When I graduated from graduate school at Vanderbilt University in 2005, I was pretty confident that I could establish a top-notch engineering education research program. At 29, my husband and I loaded up our moving truck and moved to Lafayette, Indiana. As a member of a new department at Purdue University, I realized that an area in which I was least prepared was advising graduate students. Below are the lessons that I’ve learned over the last 10 years. Although these tips won’t apply to everyone, they align well with my “no-nonsense” way of conducting business and allowed me to sleep well at night.
(1) You can’t fire a student.
In this day and age, nothing is free. Trust me when I say that I have worked diligently to earn every dollar for my research group. For this reason, I don’t have time for adult students to use my research funding to “find” themselves. Although it sounds tough, obtaining research funding involves a contract, whether it is explicit or implicit. Twenty hours of financial supports means that your weekly deliverables reflect at least that much work. Producing less than this consistently via weekly deliverables means that a student may not possess a strong work ethic, may not be able to complete tasks in a timely manner, or may not care about my project. Whatever the reason, I am an advisor, and I expect work deliverables to be completed in a timely manner.
Although it’s tough to fire people, the experience doesn’t have to be bridge burning. Before firing students or reducing their research funding, I sit each of them down and explain what the issues are. By the time we have this meeting, they have been warned several times of issues with their job performance and have been given multiple opportunities to meet my expectations.
(2) You can’t set high expectations.
When students enter my research group, I inform them that they can work as little or as much as they want (as long as the “little” meets minimum requirements!). Although they may be supported financially on one or two projects, they are encouraged to learn something about all research projects so that they are able to jump in as needed. As a result, a couple of my students have graduated with at least 20 publications on their CVs, and they have obtained academic positions in some of the top programs nationally and internationally. I’ve found that if I don’t put them in boxes, then they don’t place themselves in boxes either.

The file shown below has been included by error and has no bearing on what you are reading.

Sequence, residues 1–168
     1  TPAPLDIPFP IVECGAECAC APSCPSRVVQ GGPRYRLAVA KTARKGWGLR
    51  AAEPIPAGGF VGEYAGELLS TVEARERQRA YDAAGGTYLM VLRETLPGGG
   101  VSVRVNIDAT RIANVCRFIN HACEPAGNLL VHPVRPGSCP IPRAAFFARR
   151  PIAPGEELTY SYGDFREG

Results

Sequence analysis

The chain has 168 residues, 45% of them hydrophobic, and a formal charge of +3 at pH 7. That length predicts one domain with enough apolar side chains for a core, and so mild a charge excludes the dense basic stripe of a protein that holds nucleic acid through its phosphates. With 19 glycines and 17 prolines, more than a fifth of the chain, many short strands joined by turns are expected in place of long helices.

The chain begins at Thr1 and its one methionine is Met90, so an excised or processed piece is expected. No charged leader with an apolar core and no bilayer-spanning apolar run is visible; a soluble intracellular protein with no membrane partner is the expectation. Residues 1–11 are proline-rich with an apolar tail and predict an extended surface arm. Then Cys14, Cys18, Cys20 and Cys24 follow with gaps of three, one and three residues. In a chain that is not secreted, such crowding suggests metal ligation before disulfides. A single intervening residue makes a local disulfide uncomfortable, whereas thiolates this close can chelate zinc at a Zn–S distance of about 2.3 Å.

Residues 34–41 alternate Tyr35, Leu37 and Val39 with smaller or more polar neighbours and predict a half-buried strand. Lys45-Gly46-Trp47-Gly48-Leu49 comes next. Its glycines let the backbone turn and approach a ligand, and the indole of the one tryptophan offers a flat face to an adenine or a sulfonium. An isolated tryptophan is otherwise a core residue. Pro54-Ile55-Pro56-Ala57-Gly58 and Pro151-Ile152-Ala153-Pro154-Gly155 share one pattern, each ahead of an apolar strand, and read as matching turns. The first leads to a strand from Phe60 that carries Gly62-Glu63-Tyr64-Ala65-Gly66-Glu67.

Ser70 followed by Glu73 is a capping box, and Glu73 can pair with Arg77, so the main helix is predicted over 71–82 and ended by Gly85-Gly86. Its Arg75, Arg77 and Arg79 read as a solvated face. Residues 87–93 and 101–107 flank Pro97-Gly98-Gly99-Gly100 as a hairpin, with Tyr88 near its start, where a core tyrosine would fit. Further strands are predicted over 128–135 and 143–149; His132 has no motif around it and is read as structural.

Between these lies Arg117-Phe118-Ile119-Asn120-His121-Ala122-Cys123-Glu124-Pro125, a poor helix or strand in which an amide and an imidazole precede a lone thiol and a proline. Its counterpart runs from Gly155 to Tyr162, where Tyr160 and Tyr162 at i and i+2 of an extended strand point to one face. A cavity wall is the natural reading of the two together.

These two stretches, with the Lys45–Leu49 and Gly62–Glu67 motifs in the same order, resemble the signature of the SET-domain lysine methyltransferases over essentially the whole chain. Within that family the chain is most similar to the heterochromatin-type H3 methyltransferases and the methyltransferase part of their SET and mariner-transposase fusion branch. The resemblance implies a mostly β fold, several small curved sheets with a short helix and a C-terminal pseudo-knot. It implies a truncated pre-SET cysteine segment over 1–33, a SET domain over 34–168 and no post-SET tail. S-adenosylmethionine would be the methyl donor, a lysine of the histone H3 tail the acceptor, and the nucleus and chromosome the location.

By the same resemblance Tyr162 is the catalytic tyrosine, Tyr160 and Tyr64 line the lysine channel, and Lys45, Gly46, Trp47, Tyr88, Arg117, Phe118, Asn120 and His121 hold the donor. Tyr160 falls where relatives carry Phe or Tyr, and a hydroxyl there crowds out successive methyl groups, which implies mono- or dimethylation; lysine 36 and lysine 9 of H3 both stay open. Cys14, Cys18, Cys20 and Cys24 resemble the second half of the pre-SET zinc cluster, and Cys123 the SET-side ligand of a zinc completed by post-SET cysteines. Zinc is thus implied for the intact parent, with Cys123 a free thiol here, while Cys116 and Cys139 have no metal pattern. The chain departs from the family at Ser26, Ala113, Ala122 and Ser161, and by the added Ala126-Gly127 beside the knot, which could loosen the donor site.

(3) Graduate school is NOT like business.
As I mentioned earlier, nothing in life is free. Behind every cent of research funding is hard work. This may involve long nights or endless searches for ideal partners who can fill much-needed gaps for a principal investigator’s (PI’s) project. If a student is hired to work on a project, there is an understanding that he/she is agreeing to meet deadlines and to present the research group to others in a professional manner.
In the same way that an employee in a Fortune 500 company can’t go absent without leave, a graduate student needs to be accountable for his/her presence and absence. Similar to a “real” job, this means informing your advisor or employer when you will be late or absent from a meeting, making sure that your project deliverables show up even when you don’t, and being accountable to others on your project team. If you are the leader of the team, coordinate with your team prior to meeting with your supervisor. If you are a team member, complete your responsibilities in a timely manner so that your project leader can represent your team well.
(4) Adults can’t change.
Children are completely different than adults. As an only child, I have always loved conversing with older people. This may be one of the reasons that my research focus is graduate engineering education and faculty development and not K-12 education.
Graduate student advising involves direct engagement with adults. I’ve found that although many graduate students are set in their ways, they are teachable. For graduate students who see graduate school as an opportunity to enhance their current skills and to learn new ones, graduate school will be quite enjoyable. For those who are defensive and resistant to change, however, graduate school could be miserable. Although I am not telling a student to follow the advice of an abusive advisor, I am recommending that a graduate student enter an advisor-advisee relationship with an open mind.
(5) You are most compatible with people from your cultural background.
Since most graduate students pursuing degrees in science and engineering are not born in the U.S., minority graduate advisors are most likely to advise students who differ from them in multiple ways. Many people think that if you are a woman, you will work best with female students. Although the majority of my students ARE women, I’ve discovered that their backgrounds have been very different from my Alabama upbringing. Since 2005, I have advised no students from the South. I have realized, however, that I LOVE working with students from backgrounds that differ from my own. It has been an honor to learn about other cultures, and I have become a better advisor and person by working with students whose views differ from my own.
These tips are just a few of the ones that may guide you as you establish a research group and standards for your team. Stay tuned for Part 2 of my myths about being a graduate student advisor!
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